When studying other languages, you might encounter the accusative case (for direct objects) and the dative case (for indirect objects). These two cases are used for the objects of prepositions too. In English, there is no distinction between the forms of the accusative case and dative case. The objective case covers both.

Read more about the other cases.

Why Should I Care about the Objective Case?

Here are four good reasons to care about the objective case.

(Reason 1) This is good stuff for learning a foreign language.

In English, objects take the objective case. This only affects pronouns. It just means that words like "I," "he," "she," "we," and "they" change to "me," "him," "her," "us," and "them."

Even though using the objective case might come naturally in English, it usually doesn't come so naturally when learning a foreign language (especially as their articles ("a," "an," "the") and adjectives are likely to change too when they're used as objects). For example:
LanguageSubjective CaseObjective Case
Englishone small dogI have one small dog.
(There is no change.)
Germanein kleiner HundIch habe einen kleinen Hund.
(The article and adjective change if it's an object.)
Bosnianjedan mali pasImam jednog malog psa.
(The article, adjective, and noun change if it's an object.)
Most languages follow this structure: Remember that, in English, the objective case covers the accusative case and the dative case.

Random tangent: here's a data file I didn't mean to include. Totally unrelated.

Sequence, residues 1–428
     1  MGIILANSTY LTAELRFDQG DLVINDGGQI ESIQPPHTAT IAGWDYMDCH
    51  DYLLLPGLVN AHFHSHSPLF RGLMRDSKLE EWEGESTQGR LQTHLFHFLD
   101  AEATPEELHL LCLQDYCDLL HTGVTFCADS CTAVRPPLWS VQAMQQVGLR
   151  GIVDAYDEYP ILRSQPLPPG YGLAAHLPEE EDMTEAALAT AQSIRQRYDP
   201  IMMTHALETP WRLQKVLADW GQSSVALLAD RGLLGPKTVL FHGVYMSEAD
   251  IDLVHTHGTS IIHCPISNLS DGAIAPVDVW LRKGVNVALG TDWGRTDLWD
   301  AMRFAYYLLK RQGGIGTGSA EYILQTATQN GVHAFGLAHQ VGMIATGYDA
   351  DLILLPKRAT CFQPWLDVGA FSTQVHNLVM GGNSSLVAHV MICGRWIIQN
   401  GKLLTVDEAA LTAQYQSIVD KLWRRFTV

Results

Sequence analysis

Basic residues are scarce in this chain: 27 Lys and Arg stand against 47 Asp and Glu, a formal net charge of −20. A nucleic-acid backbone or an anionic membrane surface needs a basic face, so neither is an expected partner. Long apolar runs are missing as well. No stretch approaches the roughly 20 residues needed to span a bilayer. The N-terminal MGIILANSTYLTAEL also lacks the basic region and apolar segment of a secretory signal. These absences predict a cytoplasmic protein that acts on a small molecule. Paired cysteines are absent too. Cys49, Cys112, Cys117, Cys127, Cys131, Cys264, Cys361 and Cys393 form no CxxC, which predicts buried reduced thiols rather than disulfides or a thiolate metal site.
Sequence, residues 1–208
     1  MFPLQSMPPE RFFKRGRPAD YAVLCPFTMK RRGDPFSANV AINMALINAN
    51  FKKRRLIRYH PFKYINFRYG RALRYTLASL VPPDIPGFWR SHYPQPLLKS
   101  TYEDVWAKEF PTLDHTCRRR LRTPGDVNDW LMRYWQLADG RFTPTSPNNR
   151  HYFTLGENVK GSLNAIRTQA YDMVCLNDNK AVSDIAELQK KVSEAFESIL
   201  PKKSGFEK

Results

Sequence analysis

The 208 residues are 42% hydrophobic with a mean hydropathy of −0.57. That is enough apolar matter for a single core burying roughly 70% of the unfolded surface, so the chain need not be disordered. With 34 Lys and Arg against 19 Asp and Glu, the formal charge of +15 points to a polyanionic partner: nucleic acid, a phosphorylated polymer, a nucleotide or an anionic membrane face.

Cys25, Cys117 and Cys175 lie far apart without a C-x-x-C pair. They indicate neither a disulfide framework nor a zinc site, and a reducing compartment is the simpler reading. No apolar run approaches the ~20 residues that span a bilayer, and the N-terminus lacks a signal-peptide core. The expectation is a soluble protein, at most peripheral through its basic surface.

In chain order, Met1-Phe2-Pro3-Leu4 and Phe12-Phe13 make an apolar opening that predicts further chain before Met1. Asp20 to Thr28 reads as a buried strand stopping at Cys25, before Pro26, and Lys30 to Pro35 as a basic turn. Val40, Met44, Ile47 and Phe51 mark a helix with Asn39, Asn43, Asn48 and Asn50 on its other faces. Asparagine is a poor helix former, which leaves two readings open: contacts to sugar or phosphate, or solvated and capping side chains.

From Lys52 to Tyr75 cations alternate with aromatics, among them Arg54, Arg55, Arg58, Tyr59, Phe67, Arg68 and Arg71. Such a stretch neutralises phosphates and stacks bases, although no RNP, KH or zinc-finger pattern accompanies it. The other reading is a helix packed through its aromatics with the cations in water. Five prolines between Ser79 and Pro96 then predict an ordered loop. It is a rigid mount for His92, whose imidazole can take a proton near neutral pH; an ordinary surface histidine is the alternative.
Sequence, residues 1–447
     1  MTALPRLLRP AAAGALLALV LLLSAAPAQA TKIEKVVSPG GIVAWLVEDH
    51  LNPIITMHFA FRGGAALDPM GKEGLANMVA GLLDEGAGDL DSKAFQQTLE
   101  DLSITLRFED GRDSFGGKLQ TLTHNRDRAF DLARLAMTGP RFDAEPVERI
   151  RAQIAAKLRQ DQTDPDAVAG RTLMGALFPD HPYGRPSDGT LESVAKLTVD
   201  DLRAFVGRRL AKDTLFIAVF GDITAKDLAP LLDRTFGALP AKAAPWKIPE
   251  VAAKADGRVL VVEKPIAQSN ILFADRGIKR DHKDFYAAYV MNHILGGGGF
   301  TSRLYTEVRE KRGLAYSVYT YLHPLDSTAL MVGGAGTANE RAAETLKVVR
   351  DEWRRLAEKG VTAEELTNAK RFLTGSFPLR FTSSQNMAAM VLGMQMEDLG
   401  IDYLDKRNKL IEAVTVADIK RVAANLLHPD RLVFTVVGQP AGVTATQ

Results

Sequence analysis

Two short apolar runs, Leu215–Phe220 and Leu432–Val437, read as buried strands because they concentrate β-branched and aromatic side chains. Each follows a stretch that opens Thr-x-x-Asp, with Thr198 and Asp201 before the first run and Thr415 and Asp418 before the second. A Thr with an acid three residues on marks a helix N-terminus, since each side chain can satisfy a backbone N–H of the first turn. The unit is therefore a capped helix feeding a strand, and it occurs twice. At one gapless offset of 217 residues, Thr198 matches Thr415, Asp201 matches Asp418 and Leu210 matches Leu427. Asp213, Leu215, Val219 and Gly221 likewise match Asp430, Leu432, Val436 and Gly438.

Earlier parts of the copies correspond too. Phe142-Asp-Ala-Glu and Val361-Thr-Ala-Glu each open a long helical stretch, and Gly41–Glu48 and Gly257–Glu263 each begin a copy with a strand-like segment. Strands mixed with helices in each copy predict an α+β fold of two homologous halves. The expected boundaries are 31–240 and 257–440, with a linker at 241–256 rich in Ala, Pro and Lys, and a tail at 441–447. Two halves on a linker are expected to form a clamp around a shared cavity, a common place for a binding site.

(Reason 2) Don't confuse "who" and "whom."

Use "whom" if it's an object. For example:
  • She saw whom?
  • (Here, "whom" is a direct object.)
  • You wrote whom a letter?
  • ("Whom" is an indirect object.)
  • The article is about whom?
  • ("Whom" is the object of a preposition.)
Use "who" if it's a subject. For example:
  • Who saw Charles?
  • (Here, "who" is the subject of the verb "saw.")
Read more about "who" and "whom.".

(Reason 3) Making sure your subject and verb agree.

The object of a preposition cannot be the subject of a verb.
  • A box of trophies were for sale.
  • A box of trophies was for sale.
Don't be fooled by the proximity of the object of the preposition ("trophies") to the verb. You must ensure the subject ("box") and the verb agree in number.

This error is particularly common with the word "each" (which is singular).
  • Each of the students are assigned a mentor.
  • Each of the students is assigned a mentor.
  • (Don't be fooled by "students" being plural. Remember that the object of a preposition ("students") cannot be the subject of a verb. The subject is "each," which is singular.)
Read more about subject-verb agreement.

(Reason 4) "I" can't be an object.

"I" cannot be an object (a direct object, an indirect object, or an object of a preposition)...ever. This is particularly noteworthy when using a term like "my wife and I" or "between you and me."
  • They gave my wife and I a warning.
  • They gave me and my wife a warning.
It doesn't matter how highbrow "my wife and I" sounds. If you've used it as an object, it's wrong. You should be using "me and my wife" (it sounds more natural that way around).
  • Keep this between you and I.
  • Keep this between you and me.
"Between you and I" is always wrong. Always.

Read more about "my wife and I/me" on the personal pronouns page (see Point 1).
Interactive Exercise
Here are three randomly selected questions from a larger exercise, which can be edited, printed to create an exercise worksheet, or sent via email to friends or students.

See Also

What is the subjective case? What are prepositions? What is a direct object? What is an indirect object? What is the object of a preposition? What are noun phrases? What are noun clauses? What are objective pronouns? More on who & whom Glossary of grammatical terms